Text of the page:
Kevin Brown: Right now, I am listening to Hollow Bamboo by Ry Cooder and Ronu Majumdar. As far as I am concerned, there is no answer to this record, it is at the absolute limit of inspired expression. There are flute players and there is Ronu. Working with Moussa has in a way introduced me to this other kind of level. When I hear Ronu, he opens all those doors again, it’s that Mississippi thing again, its the same vibe, those vast holes of emptiness that become the backdrop for your imagination. It’s the blues thing, the happiest joyous noise, blues is absolute joy and I am very lucky to have a job that allows me to be involved in it as a musician. I would say that 80% of my listening material for the last 3 years has been the American field recordings made by John and Alan Lomax, I return to them time and time again, because they are helping me to understand who I am and where I am going. If you are interested in slide playing and communicating, they provide the key to everything. Jesse Mae Hemphill, R.L. Burnside and Skip James are amongst others who continually shine their torches when the way gets a little confusing! Also I love Gillian Welch, because she also draws me into her unique world and I get so much pleasure listening to her. Jimmy Vaughan will always be my favourite blues player, I admire a lot of his work, especially his tone and phrasing. Eric Bibb I saw recently, he’s got that hill country thing and is very inspiring. Every aspiring young musician should be made to see Eric, as his performances can teach you so much about how to get the message across, and more importantly what kind of message you want to give.
Paul Bufton of ‘Blues Matters!’ talks to Kevin Brown
Further to the release of his new album, Kevin Brown continues his discussion with Paul Bufton about his early albums.
Blues Matters: Prior to your recording of Mojave Dust, you made 4 albums: - Road Dreams, Rust, Sunny Side Up and Time Marches On. What were your feelings and aspirations when you initially started on your road to a musical career - or should I say your ‘Road Dream’?
Kevin Brown: My road dream was and always will be, sharing the thing that I love to do most of all with people that are close to me and also with those who are new to my work. To create a song from thin air, record it, and witness the pleasure it brings, creates a sense of satisfaction that helps keep you going when things get a little tough. ‘Road Dreams’ became my trademark and it holds values and aspirations that I still retain to this day. I try to make records that you put on and leave on. They were designed that way and that is the way they are meant to be heard. They know no barriers and have allowed me the freedom to explore freely my musical interests without ever being hampered by record company protocol. That is why I think the records sound so interesting I was always given total control.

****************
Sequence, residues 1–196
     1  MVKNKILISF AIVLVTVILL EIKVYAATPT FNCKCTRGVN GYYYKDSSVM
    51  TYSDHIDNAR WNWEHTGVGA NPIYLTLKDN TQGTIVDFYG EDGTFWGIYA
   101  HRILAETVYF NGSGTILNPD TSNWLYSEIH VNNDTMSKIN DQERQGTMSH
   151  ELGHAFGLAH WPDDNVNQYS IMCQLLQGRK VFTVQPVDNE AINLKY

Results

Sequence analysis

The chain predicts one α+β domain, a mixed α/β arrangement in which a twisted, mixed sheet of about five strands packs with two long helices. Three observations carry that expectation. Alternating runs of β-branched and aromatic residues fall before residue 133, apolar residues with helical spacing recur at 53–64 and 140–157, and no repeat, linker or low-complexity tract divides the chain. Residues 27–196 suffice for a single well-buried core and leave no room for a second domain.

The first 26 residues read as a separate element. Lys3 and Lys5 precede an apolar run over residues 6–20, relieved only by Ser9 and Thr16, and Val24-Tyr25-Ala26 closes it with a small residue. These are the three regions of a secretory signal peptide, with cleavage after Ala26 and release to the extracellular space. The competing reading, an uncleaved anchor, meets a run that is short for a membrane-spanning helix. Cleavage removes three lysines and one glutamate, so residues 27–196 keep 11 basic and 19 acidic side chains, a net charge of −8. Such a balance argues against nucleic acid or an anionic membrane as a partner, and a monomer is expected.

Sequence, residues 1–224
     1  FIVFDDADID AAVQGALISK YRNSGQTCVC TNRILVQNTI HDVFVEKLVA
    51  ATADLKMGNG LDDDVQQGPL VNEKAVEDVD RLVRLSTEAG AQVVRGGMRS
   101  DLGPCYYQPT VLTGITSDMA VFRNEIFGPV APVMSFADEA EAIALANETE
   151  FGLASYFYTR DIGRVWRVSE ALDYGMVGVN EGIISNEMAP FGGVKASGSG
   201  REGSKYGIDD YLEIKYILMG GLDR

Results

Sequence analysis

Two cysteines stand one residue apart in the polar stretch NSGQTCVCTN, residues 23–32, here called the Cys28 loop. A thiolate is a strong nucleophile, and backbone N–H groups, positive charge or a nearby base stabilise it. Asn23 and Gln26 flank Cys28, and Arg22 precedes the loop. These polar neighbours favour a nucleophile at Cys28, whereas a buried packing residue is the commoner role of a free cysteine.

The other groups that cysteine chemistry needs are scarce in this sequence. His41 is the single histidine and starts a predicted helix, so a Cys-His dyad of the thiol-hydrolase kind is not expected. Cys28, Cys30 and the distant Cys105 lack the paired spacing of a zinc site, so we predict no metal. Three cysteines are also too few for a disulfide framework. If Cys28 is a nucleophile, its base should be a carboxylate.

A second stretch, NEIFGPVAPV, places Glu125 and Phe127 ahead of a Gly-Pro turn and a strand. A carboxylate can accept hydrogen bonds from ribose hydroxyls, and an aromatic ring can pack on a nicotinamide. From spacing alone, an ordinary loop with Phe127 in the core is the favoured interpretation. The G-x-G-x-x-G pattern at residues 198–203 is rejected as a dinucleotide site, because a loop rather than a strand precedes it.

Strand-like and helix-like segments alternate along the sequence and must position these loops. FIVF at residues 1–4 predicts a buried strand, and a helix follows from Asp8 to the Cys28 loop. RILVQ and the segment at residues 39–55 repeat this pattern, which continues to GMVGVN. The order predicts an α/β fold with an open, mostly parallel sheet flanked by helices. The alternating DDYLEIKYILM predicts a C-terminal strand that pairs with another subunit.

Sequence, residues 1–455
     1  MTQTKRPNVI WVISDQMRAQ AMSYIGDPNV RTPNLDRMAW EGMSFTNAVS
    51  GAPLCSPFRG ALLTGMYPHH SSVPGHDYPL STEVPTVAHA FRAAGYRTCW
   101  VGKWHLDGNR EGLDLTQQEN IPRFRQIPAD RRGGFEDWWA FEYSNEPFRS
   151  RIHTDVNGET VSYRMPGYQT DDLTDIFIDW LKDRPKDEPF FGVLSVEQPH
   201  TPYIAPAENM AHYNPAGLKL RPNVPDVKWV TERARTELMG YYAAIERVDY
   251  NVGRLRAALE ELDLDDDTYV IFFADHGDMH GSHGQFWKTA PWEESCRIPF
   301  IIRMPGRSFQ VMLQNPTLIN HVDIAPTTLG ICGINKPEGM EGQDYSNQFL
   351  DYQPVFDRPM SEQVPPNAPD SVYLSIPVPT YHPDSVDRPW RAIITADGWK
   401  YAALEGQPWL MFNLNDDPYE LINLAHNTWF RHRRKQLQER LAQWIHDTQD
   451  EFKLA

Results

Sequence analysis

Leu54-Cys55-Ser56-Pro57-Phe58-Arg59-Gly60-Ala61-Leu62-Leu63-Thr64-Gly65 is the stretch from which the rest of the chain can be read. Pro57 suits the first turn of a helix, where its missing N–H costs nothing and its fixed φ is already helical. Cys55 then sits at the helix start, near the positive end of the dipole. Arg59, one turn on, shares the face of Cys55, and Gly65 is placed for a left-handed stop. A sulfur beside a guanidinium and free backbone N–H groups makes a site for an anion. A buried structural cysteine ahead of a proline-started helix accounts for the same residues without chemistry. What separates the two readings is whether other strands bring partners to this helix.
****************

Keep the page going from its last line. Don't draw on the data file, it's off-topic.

Blues Matters: Your debut album ‘Road Dreams’ is a 10 track album with a blues/soft rock feel to it. All bar two of the numbers are K.B. with subtle and melodic slide guitar underlying the score more or less throughout the album. The inclusion of Annie Huchrack on some of the numbers really works well and gives another dimension to your compositions, especially on ‘I still love you.’ There were 11 other musicians on Road Dreams. (When was this recorded?)
Kevin Brown: Road Dreams was recorded from 1982 -1984. Every single person on that record was hand picked from my circle of friends at the time, some had known me for years and we all wanted to feel proud of it, to have the record go out with my name on it was the best start anyone could wish for. Annie Hutchrack I discovered singing in a bar shortly after arriving in Bath in 79. She had the purity that I needed to get that transparent type of harmony that could lift a song. I still see her and we often chat about it.
Blues Matters: The opening bottleneck guitar on Road Dreams is haunting and almost eerie, nice, and the acoustic track ‘;put a smile on your face’ demonstrates your love for slide guitar. The album closes with the traditional acoustic instrumental ‘Farther along’ arranged by yourself with both traditional and acoustic bottleneck guitars. This is a superb debut album. What do you feel now looking back at ‘Road Dreams’?